About Knee Cartilage

Your knee is under a lot of pressure, so it’s no wonder that just one false move can result in injury to the ligaments and cartilage in the joint. Cartilage is the surface on the ends of the bones in your knee that allow the joint’s surfaces to glide friction-free.

Symptoms of knee cartilage injuries include pain, swelling, popping in the joint and locking of the joint. Daily activities such as sitting down, standing up, or walking up stairs may become difficult. Fortunately, there are a variety of treatment options available to help alleviate your symptoms.

Causes of Cartilage Injuries

Knee cartilage may be injured through activity, trauma, or a disease such as osteochondritis dessicans that affects the bone beneath the cartilage and causes the overlaying cartilage to “blister.” These types of injuries are called focal defects because they usually affect a portion of the cartilage in that joint.

Types of Knee Cartilage Injuries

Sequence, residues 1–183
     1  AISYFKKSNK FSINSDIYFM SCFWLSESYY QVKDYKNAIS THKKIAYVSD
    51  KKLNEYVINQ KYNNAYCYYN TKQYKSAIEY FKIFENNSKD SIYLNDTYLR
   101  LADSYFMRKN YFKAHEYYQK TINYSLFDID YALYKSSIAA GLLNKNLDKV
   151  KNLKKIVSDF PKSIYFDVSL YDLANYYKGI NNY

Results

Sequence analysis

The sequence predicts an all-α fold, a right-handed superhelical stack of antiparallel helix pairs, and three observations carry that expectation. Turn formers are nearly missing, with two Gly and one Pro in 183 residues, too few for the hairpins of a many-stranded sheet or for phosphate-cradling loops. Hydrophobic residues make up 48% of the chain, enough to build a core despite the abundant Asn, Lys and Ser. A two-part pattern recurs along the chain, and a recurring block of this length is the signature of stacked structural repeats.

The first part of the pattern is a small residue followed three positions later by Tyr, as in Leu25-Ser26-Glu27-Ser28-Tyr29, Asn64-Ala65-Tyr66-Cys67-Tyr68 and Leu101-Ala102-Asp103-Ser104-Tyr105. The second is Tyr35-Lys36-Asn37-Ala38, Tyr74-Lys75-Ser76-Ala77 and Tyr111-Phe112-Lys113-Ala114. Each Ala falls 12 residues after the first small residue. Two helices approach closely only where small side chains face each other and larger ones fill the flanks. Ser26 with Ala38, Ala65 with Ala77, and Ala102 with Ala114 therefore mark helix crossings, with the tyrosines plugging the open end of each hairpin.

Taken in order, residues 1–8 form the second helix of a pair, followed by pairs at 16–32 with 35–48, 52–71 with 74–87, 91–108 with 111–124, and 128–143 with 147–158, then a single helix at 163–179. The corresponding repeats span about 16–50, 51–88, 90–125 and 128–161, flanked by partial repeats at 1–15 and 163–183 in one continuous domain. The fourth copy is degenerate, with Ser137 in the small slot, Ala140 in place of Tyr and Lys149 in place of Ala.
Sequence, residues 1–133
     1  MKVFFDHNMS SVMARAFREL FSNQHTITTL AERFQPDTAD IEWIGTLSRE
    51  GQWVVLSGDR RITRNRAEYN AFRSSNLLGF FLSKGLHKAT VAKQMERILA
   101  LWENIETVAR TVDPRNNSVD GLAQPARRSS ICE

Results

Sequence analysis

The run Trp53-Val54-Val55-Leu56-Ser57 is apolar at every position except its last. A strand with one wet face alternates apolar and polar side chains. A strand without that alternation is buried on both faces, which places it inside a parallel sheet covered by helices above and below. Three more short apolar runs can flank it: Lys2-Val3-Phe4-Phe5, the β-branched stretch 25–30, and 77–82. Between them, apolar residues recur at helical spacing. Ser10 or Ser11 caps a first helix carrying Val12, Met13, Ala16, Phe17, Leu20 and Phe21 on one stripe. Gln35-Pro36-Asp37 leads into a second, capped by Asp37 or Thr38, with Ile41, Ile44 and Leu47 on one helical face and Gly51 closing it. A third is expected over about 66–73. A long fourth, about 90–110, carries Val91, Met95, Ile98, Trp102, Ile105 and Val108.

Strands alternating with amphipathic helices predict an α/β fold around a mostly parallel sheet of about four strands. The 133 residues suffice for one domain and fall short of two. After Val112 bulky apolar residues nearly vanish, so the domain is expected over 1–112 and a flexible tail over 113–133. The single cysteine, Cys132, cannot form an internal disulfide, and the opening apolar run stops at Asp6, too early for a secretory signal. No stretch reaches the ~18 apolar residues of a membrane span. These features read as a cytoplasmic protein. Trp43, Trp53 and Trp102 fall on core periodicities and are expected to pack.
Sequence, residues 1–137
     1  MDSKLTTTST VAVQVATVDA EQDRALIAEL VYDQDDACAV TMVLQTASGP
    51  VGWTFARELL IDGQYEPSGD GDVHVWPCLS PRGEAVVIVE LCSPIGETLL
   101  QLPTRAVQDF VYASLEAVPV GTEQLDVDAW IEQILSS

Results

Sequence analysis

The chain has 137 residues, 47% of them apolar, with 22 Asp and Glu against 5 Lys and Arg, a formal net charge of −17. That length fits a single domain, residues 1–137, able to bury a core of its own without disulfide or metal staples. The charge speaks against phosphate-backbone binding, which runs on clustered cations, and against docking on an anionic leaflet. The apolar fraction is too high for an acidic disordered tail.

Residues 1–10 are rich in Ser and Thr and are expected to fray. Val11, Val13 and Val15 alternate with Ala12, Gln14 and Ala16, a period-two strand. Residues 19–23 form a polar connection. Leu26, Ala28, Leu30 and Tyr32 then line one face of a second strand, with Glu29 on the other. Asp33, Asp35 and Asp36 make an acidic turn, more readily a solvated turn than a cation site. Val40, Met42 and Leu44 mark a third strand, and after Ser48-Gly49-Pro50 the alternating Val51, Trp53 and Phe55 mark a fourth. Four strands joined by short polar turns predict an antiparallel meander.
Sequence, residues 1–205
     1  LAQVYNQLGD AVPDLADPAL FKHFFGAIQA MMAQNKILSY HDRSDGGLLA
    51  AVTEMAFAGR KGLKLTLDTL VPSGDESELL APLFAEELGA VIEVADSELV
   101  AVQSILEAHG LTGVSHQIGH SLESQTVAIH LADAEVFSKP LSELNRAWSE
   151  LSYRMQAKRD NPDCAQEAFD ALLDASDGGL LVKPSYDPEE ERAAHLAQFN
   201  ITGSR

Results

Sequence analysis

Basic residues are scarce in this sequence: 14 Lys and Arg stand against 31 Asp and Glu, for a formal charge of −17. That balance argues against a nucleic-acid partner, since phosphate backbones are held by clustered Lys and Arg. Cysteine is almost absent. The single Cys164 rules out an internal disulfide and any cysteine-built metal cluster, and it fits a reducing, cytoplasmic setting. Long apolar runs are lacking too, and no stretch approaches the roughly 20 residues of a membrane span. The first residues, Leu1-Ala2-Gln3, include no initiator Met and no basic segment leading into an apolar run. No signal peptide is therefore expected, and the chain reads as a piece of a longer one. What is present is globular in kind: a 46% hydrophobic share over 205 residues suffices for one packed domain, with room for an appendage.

These injuries are caused by short, intensive, non-physiological strain on the joint and as a result, pieces of cartilage become detached from the joint surface. The depth of these lesions can vary, and not everyone affected complains of pain, although the cartilage is already damaged. This condition often affects young, active people who can subject their joints to non-physiological strain either during sport or in normal daily activity.

Osteochondritis Dessicans is the name of a bone disease that occurs most frequently in youths and young adults. When individual areas of the bone are affected, the cartilage covering these areas can also become diseased. This results in the affected section of cartilage becoming detached and forming a free body within the joint, leaving a lesion that reaches down into the bone. Left untreated, this may lead to longer term degenerative cartilage defects. These defects differ from focal defects in that they usually affect all of the cartilage in the joint.

Osteoarthritis is a degenerative cartilage defect that develops from wear and tear of the cartilage surface as part of the aging process. The cartilage surface gradually becomes rough and is then slowly worn away over a long period of time, until finally bone is rubbing against bone. At this point, the treatment usually involves replacing the joint with an artificial knee. Discover more information about knee replacement.

Why Cartilage Doesn’t Heal Itself